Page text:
Adverse Event Reports (AERs) need to be a major consideration for dietary supplement formulators, labelers, and marketers. Adverse events can happen at any time and are even associated with the best of companies. They can truly be alarming for any natural products company. Nonetheless, if these reports are processed appropriately, formulators and consumers will have an invaluable resource management on a wide range of compounds.
First, it is important to understand the difference between a common side effect or non-serious adverse event (such as temporary constipation), and a serious adverse event. Only serious AEs must be reported. The FDA defines “serious” as an adverse event that:
- Results in death, a life-threatening experience, inpatient hospitalization, a persistent or significant disability or incapacity, or a congenital anomaly or birth defect; or
- Requires—based on reasonable medical judgment—a medical or surgical intervention to prevent an outcome described above.
Reporting and documenting serious adverse events in a timely manner for the Food and Drug Administration (FDA) is crucial. It is important to understand what caused these serious events. For this reason, a system is in place for a healthcare practitioner, or the responsible company, to send in a particular MedWatch form, specific to supplements, along with its own narrative and explanation. In this way, the FDA can accept reports of adverse events. By analyzing these reports, the FDA may be able to identify products or product ingredients that present a health concern, and take action to protect consumers from potential harm.
Since the Dietary Supplement Health and Education Act (DSHEA) of 1994 was signed into law more than 20 years ago, many individuals, consumer protection groups and members of Congress became concerned that the FDA was not receiving sufficient information regarding adverse events associated with taking dietary supplements. Relying on a voluntary reporting system to detect a harmful dietary supplement was wishful thinking at best. In December of 2006, at the urging of industry trade associations such as AHPA, Congress passed the Dietary Supplement and Non-prescription Drug Consumer Protection Act. Later that same month George W. Bush signed it into law. This law established a definition for serious adverse events and set both labeling and mandatory adverse event reporting requirements for the dietary supplement industry.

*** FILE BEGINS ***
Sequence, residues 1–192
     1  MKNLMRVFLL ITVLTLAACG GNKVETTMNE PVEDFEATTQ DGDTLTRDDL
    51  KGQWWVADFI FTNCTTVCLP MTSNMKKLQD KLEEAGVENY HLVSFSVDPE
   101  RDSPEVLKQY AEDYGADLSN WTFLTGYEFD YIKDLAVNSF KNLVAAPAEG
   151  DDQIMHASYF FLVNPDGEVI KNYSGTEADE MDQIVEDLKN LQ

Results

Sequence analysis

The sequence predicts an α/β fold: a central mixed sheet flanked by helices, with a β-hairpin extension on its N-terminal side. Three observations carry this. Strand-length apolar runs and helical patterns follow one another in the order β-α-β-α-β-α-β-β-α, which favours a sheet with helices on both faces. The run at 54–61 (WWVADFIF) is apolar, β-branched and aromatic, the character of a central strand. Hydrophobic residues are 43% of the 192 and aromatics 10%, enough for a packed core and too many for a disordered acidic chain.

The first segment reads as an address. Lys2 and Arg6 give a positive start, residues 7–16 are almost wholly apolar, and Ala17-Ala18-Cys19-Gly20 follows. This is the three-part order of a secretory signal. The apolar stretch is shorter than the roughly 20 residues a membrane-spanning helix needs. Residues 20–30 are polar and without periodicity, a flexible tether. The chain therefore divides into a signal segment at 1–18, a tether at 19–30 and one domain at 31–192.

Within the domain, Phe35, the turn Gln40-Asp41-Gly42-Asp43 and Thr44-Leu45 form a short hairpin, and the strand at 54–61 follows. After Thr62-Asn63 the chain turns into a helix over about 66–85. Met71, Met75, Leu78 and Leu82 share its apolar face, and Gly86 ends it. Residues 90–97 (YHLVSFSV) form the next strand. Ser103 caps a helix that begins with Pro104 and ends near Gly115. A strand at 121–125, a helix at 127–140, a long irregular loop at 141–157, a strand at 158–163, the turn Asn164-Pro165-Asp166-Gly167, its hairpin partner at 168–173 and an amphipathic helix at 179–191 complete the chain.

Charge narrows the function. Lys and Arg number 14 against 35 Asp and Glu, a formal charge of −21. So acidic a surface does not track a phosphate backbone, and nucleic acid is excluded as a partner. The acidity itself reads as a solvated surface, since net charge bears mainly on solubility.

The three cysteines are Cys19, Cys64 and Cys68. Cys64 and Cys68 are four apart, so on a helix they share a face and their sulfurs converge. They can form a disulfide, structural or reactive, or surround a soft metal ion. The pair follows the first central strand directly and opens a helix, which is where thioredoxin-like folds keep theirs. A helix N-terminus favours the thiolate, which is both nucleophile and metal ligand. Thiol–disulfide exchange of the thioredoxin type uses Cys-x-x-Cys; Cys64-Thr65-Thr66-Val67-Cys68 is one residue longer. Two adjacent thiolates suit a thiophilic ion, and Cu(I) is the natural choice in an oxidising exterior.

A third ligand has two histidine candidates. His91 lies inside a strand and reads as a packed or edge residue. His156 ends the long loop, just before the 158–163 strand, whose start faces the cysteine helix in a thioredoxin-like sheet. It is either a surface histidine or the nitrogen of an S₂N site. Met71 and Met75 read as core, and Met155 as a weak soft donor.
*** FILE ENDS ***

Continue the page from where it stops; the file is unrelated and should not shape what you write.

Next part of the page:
Thankfully, in 1993, the FDA created MedWatch, its reporting system for an adverse or sentinel event. This system of voluntary reporting allows information to be shared with the medical community or the general public. Consumers, health care providers, and natural products industry members submitting a non-serious adverse event can report an AER to the FDA office via phone, e-mail, letter or on-line using MedWatch.
In theory, this all sounds great. Ironically, dietary supplement AERs have been consistently on the rise since 2008. But this is not necessarily a bad thing. The increase is an indication of genuine progress companies are making toward the implementation of best practices, part of which is driven by the FDA’s public focus on compliance with AER reporting in its cGMP inspections. Prior to this, there was no mandate on AER reporting, so, it was, for the most part, ignored. Not anymore.
The FDA now generates weekly, monthly, biannual and annual reports from information stored in its electronic database of adverse events to help to identify trends and patterns that would otherwise not be seen. These types of reports help the FDA determine whether there is an association between a specific product and/or compound or ingredient, and certain types of adverse events. Although serious adverse events often garner immediate attention, as was the case in the 2003 death of Baltimore Orioles pitcher Steve Bechler that was linked to ephedra, a non-serious adverse event can still be a signal that a serious adverse event could arise from taking a dietary supplement.